The feed rate during laser welding may extend to an order of magnitude of 100 mm/s and is thus generally up to ten times greater than the speed used in electric arc welding. For this reason, the measuring frequency of the measuring systems known for electric arc welding is also insufficient since the measurement signals resulting from the oscillating measuring beam do not occur in a sufficiently rapid sequence to cause the main laser beam to follow accurately at the given feed rates.
It is an object of the invention to provide an improved method and apparatus of the above-mentioned type with which a sufficiently accurate and fast detection of the position of even a curved weld groove prepared for laser welding is ensured at high feed and welding rates of 100 mm/s. The term "sufficiently accurate" is to be understood to mean that the measuring accuracy corresponds at least to one-half the diameter of the focusing spot of the laser working beam.
This object and others to become apparent as the specification progresses, are accomplished by the invention, according to which, briefly stated, the laser welding process includes the steps of deflecting, with an oscillating frequency of at least 100 Hz, a collimated and focused laser measuring beam, intensity-modulated with a frequency of at least 200 kHz, across the path of the weld groove during cotravel with the laser welding beam along the weld groove; directing the laser measuring beam to the workpieces; causing the laser measuring beam to impinge on the workpieces at a distance of maximum 10 mm from the central longitudinal axis of the laser welding beam; sensing, by an electro-optical sensor having a single light-sensitive element, rays of the laser measuring beam reflected by the workpieces; generating, by the sensor, measuring signals in response to the sensed reflected rays; applying follow-up signals in response to the measuring signals, and correcting the position of the laser welding beam by the follow-up device in response to the follow-up signals applied thereto.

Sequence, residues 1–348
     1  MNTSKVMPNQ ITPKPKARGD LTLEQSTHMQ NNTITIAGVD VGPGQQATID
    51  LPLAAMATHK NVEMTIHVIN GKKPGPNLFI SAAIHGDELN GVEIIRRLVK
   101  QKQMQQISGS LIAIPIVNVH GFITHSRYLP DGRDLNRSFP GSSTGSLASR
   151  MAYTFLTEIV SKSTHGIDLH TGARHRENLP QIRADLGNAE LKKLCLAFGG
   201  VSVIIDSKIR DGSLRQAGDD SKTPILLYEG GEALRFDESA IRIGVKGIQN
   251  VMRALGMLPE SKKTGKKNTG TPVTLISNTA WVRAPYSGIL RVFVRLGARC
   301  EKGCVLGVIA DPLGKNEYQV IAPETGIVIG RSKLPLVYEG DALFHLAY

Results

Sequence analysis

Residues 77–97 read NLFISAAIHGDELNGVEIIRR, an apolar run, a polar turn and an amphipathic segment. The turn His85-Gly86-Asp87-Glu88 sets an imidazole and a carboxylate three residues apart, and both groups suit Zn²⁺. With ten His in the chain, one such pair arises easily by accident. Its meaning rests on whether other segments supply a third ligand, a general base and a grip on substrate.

The proposed laser beam deflection frequency of at least 100 Hz ensures that with a feed rate of 100 mm/s the course of the groove is still covered in a 1 mm "grid".
By modulating the laser measuring beam and by a subsequent demodulation of the sensor signal which has been additionally amplitude-modulated by the workpieces, interferences from the laser welding plasma and from the Planck radiation of the molten bath are eliminated.
The laser source is preferably an inexpensively mass-producible laser diode which enhances a compact, economical construction of the entire apparatus.
In the apparatus for performing the method according to the invention, the laser measuring beam always passes through the central region of a focusing lens arrangement so that by using an achromatic lens as the focusing element, expensive scanner lenses for correction of distortions can be omitted.
FIG. 1 is a schematic sectional side elevational view of an apparatus for determining the position of a weld groove, according to a preferred embodiment of the invention.
FIG. 2 is a partial sectional view taken along line II--II of FIG. 1, in a greatly distorted illustration.
FIG. 3 is a block diagram of a control device incorporated in the preferred embodiment.
FIG. 4 is a graph illustrating the scattered beam intensity of a measuring state as a function of the scan angle.
FIG. 5 is a graph illustrating the scattered beam intensity of another measuring state as a function of the scan angle.
FIG. 6 is a graph illustrating the conversion of a signal break-in with the aid of a threshold operation.
FIG. 7 is a graph illustrating the deviation of the groove in the desired position by local filtering and differentiation.
Turning to FIGS. 1 and 2, the apparatus generally designated at 1 for determining the position of a weld groove by means of a laser measuring beam (hereinafter also briefly referred to as "laser measuring apparatus") is mounted on a laser welding head 2 in which a collimated laser working beam 3 (a beam which has an unchanging cross section) is deflected and focused by the concave focusing mirror 4. The laser welding head 2 is arranged at such a distance from the surface 5 of workpieces 7 and 8 forming the weld groove 6 that the focal point or spot 9 of the focused laser working beam 3' impinges at the height of the surface 5 of workpieces 7 and 8.